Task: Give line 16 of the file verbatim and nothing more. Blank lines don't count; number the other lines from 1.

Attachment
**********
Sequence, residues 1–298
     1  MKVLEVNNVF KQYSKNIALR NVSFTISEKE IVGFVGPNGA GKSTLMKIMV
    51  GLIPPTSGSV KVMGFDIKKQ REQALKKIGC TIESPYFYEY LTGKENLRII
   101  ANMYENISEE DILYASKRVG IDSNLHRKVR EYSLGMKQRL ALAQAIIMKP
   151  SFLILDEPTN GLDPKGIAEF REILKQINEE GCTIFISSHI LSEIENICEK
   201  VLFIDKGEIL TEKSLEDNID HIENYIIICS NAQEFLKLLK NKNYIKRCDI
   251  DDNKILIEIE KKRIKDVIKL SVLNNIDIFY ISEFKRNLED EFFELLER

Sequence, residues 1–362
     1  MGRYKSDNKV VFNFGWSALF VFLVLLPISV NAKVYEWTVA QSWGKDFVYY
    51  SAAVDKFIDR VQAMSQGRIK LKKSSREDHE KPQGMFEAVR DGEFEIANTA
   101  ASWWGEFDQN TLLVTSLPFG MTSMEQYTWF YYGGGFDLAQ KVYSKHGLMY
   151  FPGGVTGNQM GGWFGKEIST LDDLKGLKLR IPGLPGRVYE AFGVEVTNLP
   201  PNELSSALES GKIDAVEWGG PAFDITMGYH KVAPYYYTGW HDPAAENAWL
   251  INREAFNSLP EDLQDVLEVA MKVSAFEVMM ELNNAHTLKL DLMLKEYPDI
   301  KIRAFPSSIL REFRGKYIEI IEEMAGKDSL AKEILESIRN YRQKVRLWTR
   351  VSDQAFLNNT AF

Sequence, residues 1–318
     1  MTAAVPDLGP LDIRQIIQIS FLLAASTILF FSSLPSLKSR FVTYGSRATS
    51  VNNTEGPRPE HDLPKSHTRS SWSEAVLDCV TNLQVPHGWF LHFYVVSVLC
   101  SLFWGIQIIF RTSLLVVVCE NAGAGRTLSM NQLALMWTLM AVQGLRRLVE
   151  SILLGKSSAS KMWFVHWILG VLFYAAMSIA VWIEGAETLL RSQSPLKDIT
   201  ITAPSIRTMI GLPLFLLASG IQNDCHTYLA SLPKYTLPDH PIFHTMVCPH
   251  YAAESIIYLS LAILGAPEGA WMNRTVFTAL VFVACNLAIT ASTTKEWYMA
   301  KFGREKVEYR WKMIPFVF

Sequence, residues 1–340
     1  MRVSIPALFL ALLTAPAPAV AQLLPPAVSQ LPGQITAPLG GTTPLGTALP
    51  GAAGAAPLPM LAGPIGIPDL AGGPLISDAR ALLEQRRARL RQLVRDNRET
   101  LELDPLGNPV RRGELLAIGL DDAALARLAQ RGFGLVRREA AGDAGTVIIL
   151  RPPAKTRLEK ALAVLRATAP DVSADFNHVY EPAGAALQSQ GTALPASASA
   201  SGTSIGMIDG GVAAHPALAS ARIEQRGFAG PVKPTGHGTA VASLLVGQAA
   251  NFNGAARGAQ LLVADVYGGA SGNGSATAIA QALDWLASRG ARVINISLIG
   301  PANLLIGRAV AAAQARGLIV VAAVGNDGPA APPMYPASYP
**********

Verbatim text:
   351  VSDQAFLNNT AF